NJ Supreme Court Committee Solicits Input on Educational Advocates
December 01, 2020
Proposed limitations to advocates’ scope of practice draws community opposition
On September 30, 2020, the New Jersey Supreme Court’s Committee on the Unauthorized Practice of Law released a ruling and related opinion that would make it more difficult for non-attorney advocates to advise special education students and their parents in Individualized Educational Program (IEP) meetings and mediation conferences.
Non-attorney advocates often play an important role to ensure students access their educational rights and IEP-mandated services. The Committee’s opinion, known as “Opinion 56,” sparked concern in the special education community when it was released. In response, the Committee suspended implementation of the opinion and solicited public comment.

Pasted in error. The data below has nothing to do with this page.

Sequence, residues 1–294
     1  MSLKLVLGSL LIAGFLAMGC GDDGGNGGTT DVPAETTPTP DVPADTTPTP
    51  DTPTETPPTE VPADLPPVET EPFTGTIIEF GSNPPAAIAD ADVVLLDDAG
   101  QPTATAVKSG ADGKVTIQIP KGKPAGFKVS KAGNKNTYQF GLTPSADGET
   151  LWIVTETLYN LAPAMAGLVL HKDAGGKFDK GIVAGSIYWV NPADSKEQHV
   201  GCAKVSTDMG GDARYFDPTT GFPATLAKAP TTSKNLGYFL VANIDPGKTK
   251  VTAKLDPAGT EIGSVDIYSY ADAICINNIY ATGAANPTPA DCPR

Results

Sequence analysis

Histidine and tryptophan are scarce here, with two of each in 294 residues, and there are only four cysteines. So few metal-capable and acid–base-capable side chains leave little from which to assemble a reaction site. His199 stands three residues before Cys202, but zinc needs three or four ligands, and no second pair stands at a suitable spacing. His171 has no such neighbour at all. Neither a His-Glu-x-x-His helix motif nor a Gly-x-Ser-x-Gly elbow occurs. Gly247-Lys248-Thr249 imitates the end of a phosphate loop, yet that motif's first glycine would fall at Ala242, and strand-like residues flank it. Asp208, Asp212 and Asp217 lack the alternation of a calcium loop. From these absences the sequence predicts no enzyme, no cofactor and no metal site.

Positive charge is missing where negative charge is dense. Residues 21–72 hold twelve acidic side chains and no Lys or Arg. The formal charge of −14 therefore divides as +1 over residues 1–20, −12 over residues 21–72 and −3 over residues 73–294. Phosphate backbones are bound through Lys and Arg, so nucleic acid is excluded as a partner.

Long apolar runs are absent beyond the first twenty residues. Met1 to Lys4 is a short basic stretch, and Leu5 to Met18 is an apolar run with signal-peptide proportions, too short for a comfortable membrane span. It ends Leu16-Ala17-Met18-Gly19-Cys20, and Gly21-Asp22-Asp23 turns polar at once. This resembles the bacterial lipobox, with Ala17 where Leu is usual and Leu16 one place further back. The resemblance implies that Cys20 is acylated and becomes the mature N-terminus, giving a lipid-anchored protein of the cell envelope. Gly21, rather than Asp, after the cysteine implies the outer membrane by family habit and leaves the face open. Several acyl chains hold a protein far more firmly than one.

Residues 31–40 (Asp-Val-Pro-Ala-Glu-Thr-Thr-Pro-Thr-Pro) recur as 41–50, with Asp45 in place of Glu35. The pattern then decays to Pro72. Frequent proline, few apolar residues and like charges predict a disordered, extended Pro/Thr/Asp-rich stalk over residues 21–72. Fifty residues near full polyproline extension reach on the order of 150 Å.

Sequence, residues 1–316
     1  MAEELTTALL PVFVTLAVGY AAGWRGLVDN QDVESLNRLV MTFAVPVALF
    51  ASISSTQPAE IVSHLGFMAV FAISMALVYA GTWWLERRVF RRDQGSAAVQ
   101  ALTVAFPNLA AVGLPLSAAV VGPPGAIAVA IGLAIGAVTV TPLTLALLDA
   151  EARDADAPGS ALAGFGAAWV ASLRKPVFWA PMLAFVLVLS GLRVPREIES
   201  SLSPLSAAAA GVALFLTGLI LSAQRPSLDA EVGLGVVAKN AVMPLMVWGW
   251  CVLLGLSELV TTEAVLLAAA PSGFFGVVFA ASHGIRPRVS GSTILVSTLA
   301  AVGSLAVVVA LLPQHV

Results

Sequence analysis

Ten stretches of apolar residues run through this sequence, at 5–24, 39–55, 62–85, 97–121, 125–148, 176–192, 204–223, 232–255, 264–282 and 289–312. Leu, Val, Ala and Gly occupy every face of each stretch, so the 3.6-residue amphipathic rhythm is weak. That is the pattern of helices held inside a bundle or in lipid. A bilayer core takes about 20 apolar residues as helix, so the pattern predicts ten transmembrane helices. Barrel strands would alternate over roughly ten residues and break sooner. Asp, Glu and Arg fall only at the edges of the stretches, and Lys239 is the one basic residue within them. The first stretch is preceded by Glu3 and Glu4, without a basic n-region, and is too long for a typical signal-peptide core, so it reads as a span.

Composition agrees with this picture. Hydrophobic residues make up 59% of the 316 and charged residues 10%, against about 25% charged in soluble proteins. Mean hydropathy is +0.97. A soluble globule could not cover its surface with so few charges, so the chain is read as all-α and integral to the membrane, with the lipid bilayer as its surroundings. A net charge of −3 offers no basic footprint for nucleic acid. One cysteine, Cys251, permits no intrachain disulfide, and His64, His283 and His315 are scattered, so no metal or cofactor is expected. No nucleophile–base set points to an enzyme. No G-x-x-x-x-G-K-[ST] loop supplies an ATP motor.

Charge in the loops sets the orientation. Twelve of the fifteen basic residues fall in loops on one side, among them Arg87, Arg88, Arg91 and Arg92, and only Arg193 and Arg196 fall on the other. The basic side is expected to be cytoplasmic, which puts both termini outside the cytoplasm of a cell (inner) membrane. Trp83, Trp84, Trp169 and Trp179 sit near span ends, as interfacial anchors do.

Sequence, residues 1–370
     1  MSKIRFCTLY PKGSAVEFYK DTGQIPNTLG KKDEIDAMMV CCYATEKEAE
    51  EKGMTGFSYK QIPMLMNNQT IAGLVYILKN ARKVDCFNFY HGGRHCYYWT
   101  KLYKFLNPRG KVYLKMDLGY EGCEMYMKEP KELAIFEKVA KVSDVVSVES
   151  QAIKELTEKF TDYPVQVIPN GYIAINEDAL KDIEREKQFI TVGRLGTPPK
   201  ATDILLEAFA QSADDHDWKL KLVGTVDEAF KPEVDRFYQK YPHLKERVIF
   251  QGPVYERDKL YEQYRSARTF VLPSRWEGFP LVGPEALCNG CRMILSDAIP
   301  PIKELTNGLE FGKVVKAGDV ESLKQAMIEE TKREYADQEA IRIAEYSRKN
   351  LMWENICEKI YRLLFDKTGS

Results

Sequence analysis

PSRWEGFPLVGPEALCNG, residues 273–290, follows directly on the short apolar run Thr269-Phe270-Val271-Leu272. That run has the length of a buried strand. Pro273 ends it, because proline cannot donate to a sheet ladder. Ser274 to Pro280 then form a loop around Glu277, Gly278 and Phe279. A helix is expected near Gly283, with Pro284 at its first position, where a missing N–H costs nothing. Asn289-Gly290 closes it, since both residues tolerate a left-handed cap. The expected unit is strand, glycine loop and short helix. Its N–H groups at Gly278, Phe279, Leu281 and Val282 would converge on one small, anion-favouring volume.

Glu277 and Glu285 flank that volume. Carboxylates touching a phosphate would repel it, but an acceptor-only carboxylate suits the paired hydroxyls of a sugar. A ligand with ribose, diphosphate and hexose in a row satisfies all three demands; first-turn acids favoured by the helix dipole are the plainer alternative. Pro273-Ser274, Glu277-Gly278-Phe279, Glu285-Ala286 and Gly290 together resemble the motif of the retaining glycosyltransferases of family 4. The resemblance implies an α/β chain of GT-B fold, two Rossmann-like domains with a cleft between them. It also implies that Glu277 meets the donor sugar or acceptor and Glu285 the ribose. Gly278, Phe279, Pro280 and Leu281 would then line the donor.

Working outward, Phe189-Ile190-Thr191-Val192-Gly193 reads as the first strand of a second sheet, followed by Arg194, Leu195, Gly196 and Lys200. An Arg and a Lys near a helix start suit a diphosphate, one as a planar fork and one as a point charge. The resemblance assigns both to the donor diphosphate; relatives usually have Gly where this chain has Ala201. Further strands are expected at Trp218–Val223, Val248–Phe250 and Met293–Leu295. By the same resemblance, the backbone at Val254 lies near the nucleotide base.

Our colleagues at the Education Law Center (ELC) provided an incisive legal analysis and compelling moral explanation outlining the opposition and the impact this opinion could have, if implemented. A leading authority on special education matters, ELC Senior Attorney, Elizabeth Athos, Esq., authored their extensive public comments.
We will continue to monitor this issue, advocate as needed, and provide updates as soon as they become available.
If you have any questions about your special education rights, are considering looking for a non-attorney advocate or lawyer, or need additional assistance, please reach out to our 800.4.AUTISM Helpline.
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